I then wandered inside the gym and took more than a few laps around the premises before deciding to dip into my wallet. Thanks to my having several autographed copies of “Tales” inside my laptop bag, I was able to negotiate a couple of deals. For example, I swung by the booth of author Paige Stover, who was selling two of her books (“Confusing the Enemy: The Cus D’Amato Story” and “Rumble!: How Boxing’s Greatest Match Was Made”) for $50 as a bundle. Thanks to her willingness to get my book, I paid only $15. I also stopped at the British booth at the farthest left-hand corner of the gym and bought books on Les Darcy (“Home Before Dark: The Story of Les Darcy, a Great Australian Hero” by Ruth Park and Rafe Champion) and David Haye (“Making Haye” by Elliot Worsell) for $50.

Between purchases, I chatted with Hall of Fame promoter J Russell Peltz – whose booth is a must-stop for any boxing fan – new author Steve Canton and his wife, who told me business was going pretty well, longtime friend Keith Stechman, perennial award-winning writer and newly-minted author Springs Toledo and several other past purchasers of my book who wanted to express their appreciation.

After carrying my bounty to the car, I stopped by the Hall of Fame grounds with an eye on getting to the Greystone at 4 p.m. to get a prime spot in line for the cocktail. However, I got so caught up in conversation (one of which was with talk show host C. Linwood Jackson) that I showed up 15 minutes late and thus I was the 15th person in line instead of in the top five. No matter: unlike some past years, the weather was pleasant and the shadows from the church saved me from the sun’s ravages. The time in line also was well spent as I chatted with “Boxing” Bob Newman and his wife, Wendy as well as with George Zeleny among others. When the doors swung open at 5:30, Bill Johnston and I fulfilled yet another annual ritual by declaring, “Release the hounds!”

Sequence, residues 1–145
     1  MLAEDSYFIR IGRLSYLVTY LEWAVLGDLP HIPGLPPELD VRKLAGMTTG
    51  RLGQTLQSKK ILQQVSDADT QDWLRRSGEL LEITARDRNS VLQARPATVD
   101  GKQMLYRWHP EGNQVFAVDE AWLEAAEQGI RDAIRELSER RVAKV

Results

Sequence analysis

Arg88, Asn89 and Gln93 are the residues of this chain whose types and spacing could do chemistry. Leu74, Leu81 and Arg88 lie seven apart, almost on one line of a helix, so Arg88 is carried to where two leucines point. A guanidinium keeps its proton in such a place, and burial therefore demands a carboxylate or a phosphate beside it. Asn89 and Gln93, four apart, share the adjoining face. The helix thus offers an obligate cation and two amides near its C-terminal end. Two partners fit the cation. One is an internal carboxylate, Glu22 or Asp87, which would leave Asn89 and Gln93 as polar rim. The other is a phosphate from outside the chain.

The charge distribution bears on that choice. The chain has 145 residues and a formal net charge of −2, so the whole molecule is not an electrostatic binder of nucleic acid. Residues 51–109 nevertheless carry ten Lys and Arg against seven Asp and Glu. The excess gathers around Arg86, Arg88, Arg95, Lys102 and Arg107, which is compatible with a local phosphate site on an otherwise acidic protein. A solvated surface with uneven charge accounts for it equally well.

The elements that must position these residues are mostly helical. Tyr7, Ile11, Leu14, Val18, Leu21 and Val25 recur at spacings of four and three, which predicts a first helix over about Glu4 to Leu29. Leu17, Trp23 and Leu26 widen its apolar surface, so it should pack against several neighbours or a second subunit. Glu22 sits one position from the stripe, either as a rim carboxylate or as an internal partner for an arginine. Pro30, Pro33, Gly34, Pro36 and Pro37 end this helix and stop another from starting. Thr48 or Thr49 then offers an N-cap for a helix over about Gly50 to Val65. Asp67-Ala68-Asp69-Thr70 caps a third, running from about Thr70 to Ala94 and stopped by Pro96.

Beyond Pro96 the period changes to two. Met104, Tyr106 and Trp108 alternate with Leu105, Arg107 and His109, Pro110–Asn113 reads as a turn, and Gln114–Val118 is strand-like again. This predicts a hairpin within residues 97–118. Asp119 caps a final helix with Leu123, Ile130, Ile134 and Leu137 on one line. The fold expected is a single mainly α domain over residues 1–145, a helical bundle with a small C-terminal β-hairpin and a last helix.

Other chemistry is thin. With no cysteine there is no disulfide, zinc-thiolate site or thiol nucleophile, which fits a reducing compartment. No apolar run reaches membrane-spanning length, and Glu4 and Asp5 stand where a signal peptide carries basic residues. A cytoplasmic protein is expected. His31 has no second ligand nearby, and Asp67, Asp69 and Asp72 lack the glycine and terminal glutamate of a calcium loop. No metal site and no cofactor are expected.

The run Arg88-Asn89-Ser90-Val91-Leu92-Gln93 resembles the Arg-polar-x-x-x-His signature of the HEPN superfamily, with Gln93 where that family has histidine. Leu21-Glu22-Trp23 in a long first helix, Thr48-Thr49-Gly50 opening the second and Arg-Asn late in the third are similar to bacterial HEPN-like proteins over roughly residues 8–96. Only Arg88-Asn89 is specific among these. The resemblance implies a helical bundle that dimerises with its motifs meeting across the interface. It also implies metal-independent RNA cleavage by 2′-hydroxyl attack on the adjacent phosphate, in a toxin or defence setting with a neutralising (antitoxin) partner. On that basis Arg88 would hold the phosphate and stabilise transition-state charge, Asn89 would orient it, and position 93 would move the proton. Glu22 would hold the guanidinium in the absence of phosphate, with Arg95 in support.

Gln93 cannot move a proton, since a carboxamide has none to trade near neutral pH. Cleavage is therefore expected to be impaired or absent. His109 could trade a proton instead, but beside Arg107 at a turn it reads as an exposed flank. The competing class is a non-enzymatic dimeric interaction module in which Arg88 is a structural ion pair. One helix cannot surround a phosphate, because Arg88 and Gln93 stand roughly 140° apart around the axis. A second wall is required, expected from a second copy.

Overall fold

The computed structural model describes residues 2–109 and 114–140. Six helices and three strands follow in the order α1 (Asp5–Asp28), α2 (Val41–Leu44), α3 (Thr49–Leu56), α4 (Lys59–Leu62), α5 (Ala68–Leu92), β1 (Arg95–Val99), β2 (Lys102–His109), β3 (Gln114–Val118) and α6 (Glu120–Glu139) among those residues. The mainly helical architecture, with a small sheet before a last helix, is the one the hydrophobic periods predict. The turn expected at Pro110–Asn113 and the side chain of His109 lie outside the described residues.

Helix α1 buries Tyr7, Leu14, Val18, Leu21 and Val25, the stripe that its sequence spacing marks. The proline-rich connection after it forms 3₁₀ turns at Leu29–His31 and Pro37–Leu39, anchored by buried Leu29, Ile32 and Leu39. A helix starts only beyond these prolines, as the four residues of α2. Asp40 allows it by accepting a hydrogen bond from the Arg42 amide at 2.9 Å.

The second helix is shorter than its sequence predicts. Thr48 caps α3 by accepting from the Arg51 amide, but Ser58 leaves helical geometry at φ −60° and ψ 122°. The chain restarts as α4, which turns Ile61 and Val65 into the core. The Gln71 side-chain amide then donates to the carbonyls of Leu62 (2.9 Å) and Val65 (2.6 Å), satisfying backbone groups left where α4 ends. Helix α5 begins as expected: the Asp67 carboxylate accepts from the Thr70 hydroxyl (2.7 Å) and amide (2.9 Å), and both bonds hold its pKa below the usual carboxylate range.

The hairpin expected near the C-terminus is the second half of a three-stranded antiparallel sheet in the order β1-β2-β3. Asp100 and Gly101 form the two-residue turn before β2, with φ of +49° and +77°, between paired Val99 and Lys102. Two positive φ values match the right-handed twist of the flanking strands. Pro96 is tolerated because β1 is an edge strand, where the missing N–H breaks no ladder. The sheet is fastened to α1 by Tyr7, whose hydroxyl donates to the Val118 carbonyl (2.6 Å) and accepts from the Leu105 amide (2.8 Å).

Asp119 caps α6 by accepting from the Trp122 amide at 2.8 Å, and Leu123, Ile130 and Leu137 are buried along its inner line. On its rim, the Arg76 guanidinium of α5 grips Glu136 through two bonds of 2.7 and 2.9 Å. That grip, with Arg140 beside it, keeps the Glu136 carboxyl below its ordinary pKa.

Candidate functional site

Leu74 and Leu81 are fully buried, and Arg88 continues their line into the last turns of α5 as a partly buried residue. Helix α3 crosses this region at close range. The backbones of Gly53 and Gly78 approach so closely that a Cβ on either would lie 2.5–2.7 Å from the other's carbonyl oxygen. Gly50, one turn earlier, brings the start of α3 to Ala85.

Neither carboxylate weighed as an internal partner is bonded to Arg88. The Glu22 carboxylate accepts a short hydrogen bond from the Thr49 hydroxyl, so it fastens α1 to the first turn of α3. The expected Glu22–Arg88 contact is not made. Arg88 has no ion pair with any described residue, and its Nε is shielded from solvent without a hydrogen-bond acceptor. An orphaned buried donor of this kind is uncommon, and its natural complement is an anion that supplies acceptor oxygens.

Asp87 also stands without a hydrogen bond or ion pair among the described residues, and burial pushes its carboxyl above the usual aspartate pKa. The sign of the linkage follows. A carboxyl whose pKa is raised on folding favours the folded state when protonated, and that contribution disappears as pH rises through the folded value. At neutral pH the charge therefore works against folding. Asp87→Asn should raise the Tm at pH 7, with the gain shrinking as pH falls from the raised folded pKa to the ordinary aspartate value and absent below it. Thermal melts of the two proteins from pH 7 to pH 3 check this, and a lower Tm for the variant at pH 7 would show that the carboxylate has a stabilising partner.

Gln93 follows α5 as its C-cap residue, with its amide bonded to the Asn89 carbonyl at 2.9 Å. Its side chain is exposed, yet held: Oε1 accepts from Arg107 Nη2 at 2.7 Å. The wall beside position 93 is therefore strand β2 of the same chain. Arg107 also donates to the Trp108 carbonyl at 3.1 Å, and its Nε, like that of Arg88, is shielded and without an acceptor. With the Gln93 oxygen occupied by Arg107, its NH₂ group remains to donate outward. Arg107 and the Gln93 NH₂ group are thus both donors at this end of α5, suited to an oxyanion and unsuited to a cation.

Despite a battery of electric fans stationed around the perimeter, the room was still stiflingly hot. As blazing as the temperature was, the opportunities for autographs were even more so. Of all the events the induction weekend offers, the cocktail is the best place to collect tons of autographs and photos in a short period of time because the sardine-like conditions limit the number of people that can surround a single fighter. The closest thing to a mob scene was the throng around Andre Ward, who handled the situation with his typical aplomb. Somehow, I managed to position myself well enough to add his name to “The Book.”

The next 55 minutes were highly successful. I secured signatures from Ivan Calderon, Lucia Rijker, 2014 Hall of Famers Richard Steele, Graham Houston and Neil Leifer, Wilfredo Gomez, Zab Judah, Frank Tate and Michael Spinks. Of those, the effort to secure Spinks’ autograph was the most memorable. Although I had his signature on a program, he had yet to be in “The Book.” I walked up to him just before the hour ended and with members of his entourage urging him to leave, it looked for a moment that I would miss my chance. At the moment he began to make his way out, I made a last-ditch pitch that ended up working magic.

It was interesting what persuaded him to sign: a photo of fellow 175-pound titlist J.B. Williamson placed immediately by the picture I wanted him to sign. He told me he used to spar often with Williamson, whose toughness during those sessions must have created an imprint given the intense respect with which he spoke of him. The picture that Spinks did sign was of his fight with Oscar Rivadeneyra, who Spinks stopped in 10 rounds in March 1983. Although Spinks won nearly every round on the scorecards, the Peruvian’s abilities drew similar tributes from the Hall-of-Famer, who was whisked from the premises the moment after he signed my book.

As I headed out the door, I was still undecided about whether to attend the Banquet of Champions or skip it to watch the entire pay-per-view card at the Buffalo Wild Wings outlet in Cicero. It wasn’t until I reached my car that I decided to follow Newman’s vehicle to the Oncenter. It ended up being a wise decision.